Hillary Clinton scored a decisive win in Mississippi’s Democratic presidential primary Tuesday, but Bernie Sanders pulled out a close, unexpected victory in delegate-rich Michigan.
Major news organizations called Mississippi for Clinton soon after the polls closed, but waited more than two hours, until after 11 p.m. Eastern, before declaring Sanders the winner in Michigan.
In Michigan, the Vermont senator claimed 50 percent of the vote and the former secretary of State 48 percent, with 92 percent of precincts reporting, according to the Associated Press. As the state's 130 Democratic delegates are awarded proportionally, Sanders has 63 and Clinton 53, with the rest to be determined, AP reports.
In Mississippi, with 94 percent reporting as of 11:40 p.m. Eastern, Clinton has 83 percent of the vote and Sanders 17 percent, the AP reports. Of the state's 36 delegates, she has 28 and Sanders one, with the rest to be distributed.
Exit polls indicate that in Mississippi, Clinton, as expected, did very well with African-Americans, women, and older voters, NBC reports. In that state she also bested Sanders among men, whites, and voters under age 45, groups she has not captured in previous primaries. But Sanders claimed a third of the African-American vote in Michigan, a larger percentage than he has elsewhere, MSNBC reports. And he did well with young voters and independents in the state, which has an open primary.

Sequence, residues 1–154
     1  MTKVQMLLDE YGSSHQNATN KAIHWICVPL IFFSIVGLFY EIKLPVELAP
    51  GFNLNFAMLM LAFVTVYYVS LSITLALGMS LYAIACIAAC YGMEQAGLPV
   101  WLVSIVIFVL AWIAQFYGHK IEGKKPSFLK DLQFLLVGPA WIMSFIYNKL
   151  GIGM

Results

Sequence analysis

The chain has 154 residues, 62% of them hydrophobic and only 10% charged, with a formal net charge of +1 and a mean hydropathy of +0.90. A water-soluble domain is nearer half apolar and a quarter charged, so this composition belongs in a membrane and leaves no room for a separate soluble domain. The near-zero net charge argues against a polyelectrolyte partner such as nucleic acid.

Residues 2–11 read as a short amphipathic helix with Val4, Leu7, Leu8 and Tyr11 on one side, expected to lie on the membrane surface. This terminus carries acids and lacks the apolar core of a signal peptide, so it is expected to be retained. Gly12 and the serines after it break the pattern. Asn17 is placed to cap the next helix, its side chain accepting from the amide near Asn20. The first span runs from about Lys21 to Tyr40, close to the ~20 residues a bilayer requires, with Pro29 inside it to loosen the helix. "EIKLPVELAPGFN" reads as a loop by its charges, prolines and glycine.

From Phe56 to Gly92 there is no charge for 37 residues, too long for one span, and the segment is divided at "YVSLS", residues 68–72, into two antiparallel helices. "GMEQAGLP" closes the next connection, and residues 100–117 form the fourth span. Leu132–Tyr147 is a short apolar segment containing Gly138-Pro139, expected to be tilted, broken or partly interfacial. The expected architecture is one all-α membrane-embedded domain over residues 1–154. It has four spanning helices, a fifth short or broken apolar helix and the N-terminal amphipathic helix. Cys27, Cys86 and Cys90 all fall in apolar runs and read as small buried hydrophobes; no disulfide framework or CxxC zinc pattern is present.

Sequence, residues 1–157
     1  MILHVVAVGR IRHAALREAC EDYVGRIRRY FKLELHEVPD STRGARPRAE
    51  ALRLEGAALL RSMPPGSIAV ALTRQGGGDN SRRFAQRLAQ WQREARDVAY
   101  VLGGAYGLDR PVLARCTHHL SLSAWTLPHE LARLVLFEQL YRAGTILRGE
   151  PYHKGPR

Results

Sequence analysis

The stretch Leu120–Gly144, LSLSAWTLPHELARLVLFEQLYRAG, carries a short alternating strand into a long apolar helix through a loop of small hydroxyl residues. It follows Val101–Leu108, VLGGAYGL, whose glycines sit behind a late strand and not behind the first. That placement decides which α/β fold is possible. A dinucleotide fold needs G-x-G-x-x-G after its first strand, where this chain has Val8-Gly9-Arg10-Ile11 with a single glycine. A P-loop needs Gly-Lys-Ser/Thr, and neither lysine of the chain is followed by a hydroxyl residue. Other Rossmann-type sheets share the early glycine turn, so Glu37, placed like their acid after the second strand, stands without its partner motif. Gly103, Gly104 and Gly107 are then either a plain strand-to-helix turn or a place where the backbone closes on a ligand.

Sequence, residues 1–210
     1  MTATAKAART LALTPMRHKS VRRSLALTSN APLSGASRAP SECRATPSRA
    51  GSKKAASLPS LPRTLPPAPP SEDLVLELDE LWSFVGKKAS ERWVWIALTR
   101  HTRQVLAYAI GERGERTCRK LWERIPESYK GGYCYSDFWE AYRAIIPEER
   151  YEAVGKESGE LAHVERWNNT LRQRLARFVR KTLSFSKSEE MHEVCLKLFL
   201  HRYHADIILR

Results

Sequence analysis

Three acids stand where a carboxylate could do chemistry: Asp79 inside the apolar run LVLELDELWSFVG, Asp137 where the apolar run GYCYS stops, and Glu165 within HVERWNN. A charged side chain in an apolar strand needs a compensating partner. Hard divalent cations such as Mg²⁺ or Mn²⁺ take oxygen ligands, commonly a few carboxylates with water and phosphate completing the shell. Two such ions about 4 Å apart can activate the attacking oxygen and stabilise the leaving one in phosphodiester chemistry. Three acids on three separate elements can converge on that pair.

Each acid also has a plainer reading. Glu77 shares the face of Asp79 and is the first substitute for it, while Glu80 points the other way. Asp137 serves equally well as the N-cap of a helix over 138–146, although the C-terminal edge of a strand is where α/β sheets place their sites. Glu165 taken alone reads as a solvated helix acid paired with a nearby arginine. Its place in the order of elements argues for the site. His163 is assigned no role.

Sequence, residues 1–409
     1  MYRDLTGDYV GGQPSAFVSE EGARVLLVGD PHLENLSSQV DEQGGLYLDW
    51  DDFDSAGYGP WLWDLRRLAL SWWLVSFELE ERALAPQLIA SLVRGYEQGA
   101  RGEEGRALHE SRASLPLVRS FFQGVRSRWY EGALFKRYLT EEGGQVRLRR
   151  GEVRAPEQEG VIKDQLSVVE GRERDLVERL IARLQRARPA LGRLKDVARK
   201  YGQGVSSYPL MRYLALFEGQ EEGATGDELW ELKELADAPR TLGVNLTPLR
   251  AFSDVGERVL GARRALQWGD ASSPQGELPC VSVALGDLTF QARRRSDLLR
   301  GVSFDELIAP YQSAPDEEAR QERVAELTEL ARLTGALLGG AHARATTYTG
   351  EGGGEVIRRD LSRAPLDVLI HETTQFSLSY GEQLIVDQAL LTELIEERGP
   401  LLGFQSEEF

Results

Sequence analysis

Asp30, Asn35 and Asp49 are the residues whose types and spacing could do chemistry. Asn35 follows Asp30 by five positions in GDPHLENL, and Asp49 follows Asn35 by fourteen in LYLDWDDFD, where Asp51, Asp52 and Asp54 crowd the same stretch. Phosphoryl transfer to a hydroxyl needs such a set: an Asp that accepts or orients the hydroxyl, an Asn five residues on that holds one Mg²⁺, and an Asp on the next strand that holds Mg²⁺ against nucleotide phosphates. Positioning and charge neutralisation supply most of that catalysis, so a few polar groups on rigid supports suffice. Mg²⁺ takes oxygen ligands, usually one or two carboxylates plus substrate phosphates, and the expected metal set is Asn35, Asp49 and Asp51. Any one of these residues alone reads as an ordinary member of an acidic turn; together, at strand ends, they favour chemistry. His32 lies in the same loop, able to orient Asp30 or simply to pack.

The Michigan win was Sanders's "first in a big and relatively diverse state," notes MSNBC. At a press conference in Miami, where he and Clinton will debate Wednesday evening, he called Tuesday "a fantastic night" and predicted, “Our strongest areas are yet to happen.”
With primaries coming up in populous states such as Florida, Ohio, and Illinois, Sanders still trails Clinton in the delegate count, with 571 to her 1,221. It takes 2,383 to win the nomination. A Clinton aide sounded an optimistic note Tuesday night, MSNBC reports.
“We feel confident she is going to be the nominee, but the race will continue to be competitive through the next week,” communications director Jennifer Palmieri told reporters at a Clinton rally in Cleveland. “We would like to wrap it up as soon as possible because you don’t want the Republican nominee to get, if they wrap up soon, we don’t want to be far behind them.”